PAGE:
The Chinese iPad trademark saga continues to confuse, with contrary claims over why the iOS tablet has been yanked from retailers, while Apple and Proview argue over who has the legal upper hand. Sales through Amazon China ceased not because of the trademark litigation but, insiders claim, because it is not an official reseller, though the retailer itself has indicated differently. Meanwhile, in an official statement, Apple says that “Proview refuses to honor their agreement with Apple in China” and points to a ruling by Hong Kong courts in its favor. However, Proview counters that Apple is misrepresenting the court’s decision.
Although initial reports suggested online retailers had begun to yank their iPad 2 listings after Chinese courts ruled in Proview’s favor, it was subsequently revealed that Apple itself had requested the product pages be pulled. That, insiders told the WSJ, was because Apple was clamping down on unauthorized resellers of the tablet; however, an unnamed Amazon exec told Reuters it was “due to a supply shortage.”
Nonetheless, in-store stock of the iPad 2 continues to be pulled from Chinese shelves, though it’s unclear where the motivation comes from. “Whether the retailers decide to stop sales or not is up to them” a spokesperson from the Qingdao commerce department said. ”The government is not involved.” However, other cities have reportedly told shopping malls and retailers to suspend sales.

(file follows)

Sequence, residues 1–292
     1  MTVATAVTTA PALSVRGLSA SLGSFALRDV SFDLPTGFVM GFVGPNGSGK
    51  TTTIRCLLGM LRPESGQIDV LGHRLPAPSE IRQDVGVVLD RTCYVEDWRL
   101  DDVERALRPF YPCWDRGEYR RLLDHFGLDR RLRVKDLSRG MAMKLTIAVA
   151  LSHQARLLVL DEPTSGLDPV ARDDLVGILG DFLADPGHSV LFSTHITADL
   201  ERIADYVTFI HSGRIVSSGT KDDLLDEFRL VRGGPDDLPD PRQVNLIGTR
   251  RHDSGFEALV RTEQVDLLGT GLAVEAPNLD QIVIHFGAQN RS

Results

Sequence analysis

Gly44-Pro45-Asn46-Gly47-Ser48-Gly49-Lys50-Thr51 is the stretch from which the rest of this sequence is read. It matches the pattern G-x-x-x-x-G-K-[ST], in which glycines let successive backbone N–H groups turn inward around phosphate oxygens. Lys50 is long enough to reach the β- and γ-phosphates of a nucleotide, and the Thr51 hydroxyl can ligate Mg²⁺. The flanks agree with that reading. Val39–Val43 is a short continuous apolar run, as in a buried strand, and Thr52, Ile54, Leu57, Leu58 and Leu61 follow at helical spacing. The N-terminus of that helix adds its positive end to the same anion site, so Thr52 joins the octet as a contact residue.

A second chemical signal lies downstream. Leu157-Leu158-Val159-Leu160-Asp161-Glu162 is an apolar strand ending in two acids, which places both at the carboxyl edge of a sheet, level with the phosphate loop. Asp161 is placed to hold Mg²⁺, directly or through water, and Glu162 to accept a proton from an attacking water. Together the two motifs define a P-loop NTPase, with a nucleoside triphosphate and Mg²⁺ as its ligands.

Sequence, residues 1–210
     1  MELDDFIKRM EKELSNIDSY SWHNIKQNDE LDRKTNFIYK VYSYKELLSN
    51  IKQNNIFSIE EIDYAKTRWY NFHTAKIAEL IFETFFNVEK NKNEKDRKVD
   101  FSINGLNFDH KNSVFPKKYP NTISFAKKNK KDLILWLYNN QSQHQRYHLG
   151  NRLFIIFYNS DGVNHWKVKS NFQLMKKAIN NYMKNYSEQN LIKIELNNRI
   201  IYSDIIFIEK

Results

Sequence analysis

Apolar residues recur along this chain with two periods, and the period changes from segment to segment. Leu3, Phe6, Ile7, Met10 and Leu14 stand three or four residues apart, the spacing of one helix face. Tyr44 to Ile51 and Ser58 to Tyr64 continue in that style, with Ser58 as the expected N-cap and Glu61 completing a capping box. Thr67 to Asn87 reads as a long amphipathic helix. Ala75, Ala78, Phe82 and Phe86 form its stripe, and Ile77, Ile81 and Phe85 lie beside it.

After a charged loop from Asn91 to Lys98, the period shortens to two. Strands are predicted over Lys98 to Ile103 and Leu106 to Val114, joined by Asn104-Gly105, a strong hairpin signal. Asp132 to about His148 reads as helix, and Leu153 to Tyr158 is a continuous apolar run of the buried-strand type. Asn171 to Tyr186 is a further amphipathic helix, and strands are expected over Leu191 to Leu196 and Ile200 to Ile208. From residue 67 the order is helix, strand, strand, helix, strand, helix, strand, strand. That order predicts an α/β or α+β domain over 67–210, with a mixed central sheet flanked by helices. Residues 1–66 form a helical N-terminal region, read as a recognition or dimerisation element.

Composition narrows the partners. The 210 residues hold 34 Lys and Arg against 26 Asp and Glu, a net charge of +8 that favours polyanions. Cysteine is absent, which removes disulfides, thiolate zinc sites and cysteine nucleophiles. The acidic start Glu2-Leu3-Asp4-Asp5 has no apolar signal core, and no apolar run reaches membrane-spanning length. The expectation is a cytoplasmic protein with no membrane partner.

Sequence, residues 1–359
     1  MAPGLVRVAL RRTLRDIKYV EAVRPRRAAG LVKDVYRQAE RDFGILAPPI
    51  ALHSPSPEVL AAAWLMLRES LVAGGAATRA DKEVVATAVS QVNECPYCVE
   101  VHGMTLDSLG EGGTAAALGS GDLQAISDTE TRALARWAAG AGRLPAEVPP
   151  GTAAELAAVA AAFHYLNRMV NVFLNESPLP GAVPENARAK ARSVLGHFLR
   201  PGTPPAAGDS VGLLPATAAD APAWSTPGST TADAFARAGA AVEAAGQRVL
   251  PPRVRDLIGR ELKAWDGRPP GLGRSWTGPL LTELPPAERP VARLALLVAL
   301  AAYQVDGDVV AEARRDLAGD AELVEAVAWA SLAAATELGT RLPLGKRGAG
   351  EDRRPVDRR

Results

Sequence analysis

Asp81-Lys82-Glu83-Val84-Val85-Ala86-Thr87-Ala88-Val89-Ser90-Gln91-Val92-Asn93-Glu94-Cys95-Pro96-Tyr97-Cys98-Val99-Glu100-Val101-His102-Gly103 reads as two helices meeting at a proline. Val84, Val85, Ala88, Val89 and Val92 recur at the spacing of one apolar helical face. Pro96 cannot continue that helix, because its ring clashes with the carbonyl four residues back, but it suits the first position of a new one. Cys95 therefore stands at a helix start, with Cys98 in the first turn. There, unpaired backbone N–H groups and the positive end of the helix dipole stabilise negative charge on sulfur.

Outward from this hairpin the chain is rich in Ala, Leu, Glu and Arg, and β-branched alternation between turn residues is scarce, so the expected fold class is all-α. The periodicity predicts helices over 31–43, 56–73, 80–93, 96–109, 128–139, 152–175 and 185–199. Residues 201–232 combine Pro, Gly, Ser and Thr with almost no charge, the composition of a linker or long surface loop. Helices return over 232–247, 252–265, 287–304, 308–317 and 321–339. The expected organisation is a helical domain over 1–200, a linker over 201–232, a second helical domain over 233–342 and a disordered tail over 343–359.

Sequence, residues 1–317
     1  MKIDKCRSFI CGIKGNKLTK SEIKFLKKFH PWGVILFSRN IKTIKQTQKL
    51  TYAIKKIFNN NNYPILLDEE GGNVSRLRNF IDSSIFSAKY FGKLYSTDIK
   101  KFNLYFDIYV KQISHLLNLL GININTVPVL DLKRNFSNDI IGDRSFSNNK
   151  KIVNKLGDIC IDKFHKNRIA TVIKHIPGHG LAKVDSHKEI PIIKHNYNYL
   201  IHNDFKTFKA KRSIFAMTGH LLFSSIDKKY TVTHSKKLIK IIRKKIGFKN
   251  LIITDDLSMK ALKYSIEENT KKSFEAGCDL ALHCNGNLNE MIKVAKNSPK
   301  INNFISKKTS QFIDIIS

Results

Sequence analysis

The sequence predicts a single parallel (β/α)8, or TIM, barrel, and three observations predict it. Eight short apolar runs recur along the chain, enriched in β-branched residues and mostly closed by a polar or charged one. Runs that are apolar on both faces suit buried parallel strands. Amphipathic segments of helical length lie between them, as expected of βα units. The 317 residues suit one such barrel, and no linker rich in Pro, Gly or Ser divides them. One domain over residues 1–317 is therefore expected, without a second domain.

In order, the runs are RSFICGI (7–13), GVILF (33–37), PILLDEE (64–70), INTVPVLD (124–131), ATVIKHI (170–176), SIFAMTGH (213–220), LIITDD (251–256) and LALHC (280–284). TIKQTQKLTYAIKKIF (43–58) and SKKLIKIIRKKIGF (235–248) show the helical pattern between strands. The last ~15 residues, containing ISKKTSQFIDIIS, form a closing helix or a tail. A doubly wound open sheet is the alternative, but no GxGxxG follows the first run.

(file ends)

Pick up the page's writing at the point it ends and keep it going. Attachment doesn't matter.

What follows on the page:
Apple has only made a single statement on the matter, we’ve confirmed, in which it blames Proview for refusing to honor its agreement to hand over the worldwide rights to the iPad trademark:
“We bought Proview’s worldwide rights to the iPad trademark in 10 different countries several years ago. Proview refuses to honor their agreement with Apple in China and a Hong Kong court has sided with Apple in this matter. Our case is still pending in mainland China” Apple statement
That, Proview’s lawyer argues, is in fact only a “partial” reply, intended to confuse the situation. Xie Xianghui told the People’s Daily Online that “Apple is worried the iPad trademark will be resold before the hearing is finished, so it asked the Hong Kong court to forbid Proview Shenzhen from doing that.” Proview’s stance is that, while the court agreed with Apple on that transfer point, it hasn’t ruled on the trademark validity itself.
Meanwhile, Xianghui maintains that no matter what the Hong Kong courts decided back in July, the legal framework differences between there and China mean any ruling is unlikely to carry across to the mainland. The Hong Kong court found Proview had “attempted to exploit the situation as a business opportunity” by asking Apple for a further $10m for use of the name iPad in China, shortly after the first-generation tablet was unveiled.
It seems cash will settle this argument, or indeed more of it, with Proview’s chairman indicating this week that Apple could buy its way out of the trademark problem. Whether Apple agrees with that remains to be seen.